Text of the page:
A statewide labor group sent out a sharply worded letter yesterday indicating that it has blacklisted local Democratic political consultant Jude Barry and his company, Catapult Strategies. In the letter, Art Pulaski of the California Federation of Labor (CFL) attacks Barry for “supporting the efforts of an anti-union committee” seeking to qualify a so-called “paycheck protection” initiative.
Barry recently helped found a technology firm, Verafirma, which allows initiative-backers to gather signatures electronically on computers and devices such as iPhones. That company—not Catapult Communications—has leased its technology for test-runs to four initiative campaigns, including the Paycheck Protection Act. That initiative would require unions to get members’ approval before dues can be spent for political campaigns, and is part of a nationwide movement to disrupt unions’ political power.
Today’s “Capitol Alert” from the Sacramento Bee reports that Barry has worked for CLF-backed candidates, such as Rep. John Garamendi in the past. It also points out that neither Barry nor his firm are involved with the initiative in question.
“It’s unfortunate and inaccurate,” he said. “I have not now, nor have I ever, worked for that campaign.”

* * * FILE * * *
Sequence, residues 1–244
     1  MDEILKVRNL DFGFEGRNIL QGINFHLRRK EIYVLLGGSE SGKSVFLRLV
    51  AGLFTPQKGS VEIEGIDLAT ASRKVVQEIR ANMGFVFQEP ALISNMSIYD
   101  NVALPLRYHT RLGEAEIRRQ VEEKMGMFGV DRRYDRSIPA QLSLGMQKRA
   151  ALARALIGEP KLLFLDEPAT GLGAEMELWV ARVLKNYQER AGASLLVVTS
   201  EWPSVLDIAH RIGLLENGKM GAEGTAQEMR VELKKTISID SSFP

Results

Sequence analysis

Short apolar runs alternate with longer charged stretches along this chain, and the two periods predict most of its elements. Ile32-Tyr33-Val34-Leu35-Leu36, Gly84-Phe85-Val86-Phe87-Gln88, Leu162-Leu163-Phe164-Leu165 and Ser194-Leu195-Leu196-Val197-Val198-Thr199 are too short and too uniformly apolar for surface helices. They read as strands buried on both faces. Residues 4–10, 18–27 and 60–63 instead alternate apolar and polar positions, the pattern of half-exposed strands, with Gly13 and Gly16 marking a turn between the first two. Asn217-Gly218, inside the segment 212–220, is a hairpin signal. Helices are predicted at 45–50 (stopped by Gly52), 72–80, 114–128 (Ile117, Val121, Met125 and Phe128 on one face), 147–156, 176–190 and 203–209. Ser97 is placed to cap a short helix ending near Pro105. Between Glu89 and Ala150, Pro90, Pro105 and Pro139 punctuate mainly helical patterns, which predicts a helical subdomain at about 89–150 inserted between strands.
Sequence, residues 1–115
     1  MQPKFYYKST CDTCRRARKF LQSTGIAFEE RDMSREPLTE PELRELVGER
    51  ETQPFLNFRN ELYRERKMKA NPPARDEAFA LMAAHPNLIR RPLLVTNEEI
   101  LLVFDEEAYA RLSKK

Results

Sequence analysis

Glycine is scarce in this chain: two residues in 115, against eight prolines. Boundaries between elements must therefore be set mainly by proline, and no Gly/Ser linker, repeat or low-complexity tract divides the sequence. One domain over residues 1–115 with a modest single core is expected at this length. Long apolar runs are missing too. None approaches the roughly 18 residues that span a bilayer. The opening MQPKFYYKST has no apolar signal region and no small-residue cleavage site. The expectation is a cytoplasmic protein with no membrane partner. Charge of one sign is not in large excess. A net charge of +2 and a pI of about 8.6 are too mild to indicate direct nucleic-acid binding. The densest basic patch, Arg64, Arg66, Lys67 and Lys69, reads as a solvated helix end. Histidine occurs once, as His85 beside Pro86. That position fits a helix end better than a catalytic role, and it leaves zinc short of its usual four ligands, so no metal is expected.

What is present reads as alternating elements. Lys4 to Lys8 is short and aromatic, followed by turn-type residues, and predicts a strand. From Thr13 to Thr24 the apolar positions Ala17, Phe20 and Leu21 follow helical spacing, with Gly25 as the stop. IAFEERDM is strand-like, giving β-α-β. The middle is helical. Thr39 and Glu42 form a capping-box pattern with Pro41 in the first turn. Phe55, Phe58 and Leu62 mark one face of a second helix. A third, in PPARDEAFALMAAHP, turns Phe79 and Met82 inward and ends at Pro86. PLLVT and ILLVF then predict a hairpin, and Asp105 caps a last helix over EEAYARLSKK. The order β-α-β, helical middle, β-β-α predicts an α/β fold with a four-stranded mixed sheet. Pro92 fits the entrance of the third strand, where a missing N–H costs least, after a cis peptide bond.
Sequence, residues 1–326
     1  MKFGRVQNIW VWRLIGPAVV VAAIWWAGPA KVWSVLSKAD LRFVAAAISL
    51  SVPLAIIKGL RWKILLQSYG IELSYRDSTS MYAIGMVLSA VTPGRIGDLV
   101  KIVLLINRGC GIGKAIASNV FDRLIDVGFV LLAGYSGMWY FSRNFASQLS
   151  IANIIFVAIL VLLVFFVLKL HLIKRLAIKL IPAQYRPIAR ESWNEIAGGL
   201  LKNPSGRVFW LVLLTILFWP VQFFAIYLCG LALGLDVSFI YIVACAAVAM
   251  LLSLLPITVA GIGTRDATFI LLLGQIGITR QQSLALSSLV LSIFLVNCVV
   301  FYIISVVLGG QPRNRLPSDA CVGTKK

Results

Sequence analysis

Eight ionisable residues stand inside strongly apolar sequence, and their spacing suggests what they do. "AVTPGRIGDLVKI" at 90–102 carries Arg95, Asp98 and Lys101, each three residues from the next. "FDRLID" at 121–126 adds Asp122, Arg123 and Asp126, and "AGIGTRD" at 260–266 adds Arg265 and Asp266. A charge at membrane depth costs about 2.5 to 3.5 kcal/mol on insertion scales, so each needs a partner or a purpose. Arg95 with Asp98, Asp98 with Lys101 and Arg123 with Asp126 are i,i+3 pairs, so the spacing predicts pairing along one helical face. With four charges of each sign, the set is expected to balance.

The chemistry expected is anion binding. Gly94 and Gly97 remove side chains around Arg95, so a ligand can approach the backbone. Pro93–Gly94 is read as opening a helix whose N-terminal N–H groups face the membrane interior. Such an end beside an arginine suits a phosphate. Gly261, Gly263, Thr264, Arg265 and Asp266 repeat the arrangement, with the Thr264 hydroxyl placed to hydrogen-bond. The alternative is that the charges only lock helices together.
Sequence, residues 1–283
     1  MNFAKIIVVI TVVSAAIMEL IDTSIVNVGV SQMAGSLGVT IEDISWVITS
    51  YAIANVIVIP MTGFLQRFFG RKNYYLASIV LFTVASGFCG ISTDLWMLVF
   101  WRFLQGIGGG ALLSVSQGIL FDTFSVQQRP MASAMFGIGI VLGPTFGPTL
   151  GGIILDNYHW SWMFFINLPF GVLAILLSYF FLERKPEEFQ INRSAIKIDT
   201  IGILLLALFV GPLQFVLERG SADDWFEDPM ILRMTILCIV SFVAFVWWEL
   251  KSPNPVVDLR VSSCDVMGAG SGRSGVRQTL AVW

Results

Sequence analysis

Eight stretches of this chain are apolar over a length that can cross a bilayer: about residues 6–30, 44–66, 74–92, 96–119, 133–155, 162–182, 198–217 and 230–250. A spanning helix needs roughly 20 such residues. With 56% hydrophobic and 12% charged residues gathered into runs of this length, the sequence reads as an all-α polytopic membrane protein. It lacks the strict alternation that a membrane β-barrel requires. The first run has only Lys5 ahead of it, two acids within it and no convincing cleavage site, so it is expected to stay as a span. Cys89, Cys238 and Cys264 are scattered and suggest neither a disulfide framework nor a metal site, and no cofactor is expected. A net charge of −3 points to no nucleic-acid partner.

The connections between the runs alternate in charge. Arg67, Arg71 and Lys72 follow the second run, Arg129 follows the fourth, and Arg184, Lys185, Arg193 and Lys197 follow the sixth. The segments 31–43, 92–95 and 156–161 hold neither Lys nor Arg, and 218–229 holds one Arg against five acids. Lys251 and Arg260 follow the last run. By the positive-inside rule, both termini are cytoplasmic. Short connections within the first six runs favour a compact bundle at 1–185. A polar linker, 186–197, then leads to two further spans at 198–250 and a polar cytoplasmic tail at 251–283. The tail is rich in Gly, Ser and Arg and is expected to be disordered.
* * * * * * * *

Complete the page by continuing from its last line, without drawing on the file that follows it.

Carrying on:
An LA Times blog today points out that Barry has also worked for progressive stalwarts including Howard Dean, Richard Gephardt and the late Sen. Edward Kennedy.
The three other initiatives leasing Verafirma’s technology are all progressive causes: One would reinstate the right of same-sex couples to marry, another would legalize, regulate and tax marijuana, a third would change the state’s legislative vote requirement to pass a budget or raise taxes from two-thirds to a simple majority.
Barry send out an email today pointing out that he is not profiting from the deal.
“I personally was not involved in seeking the account in question and do not participate in any way, including any profits that may come from this account. I am one of seven stakeholders in the company and do not have majority interests nor sole discretion over our policies. Nonetheless, I was asked by the California Labor Federation to break our contract with the campaign. To do so without cause would be discriminatory and wrong and something I and the company were not willing to do.”
Read More at the Sacramento Bee.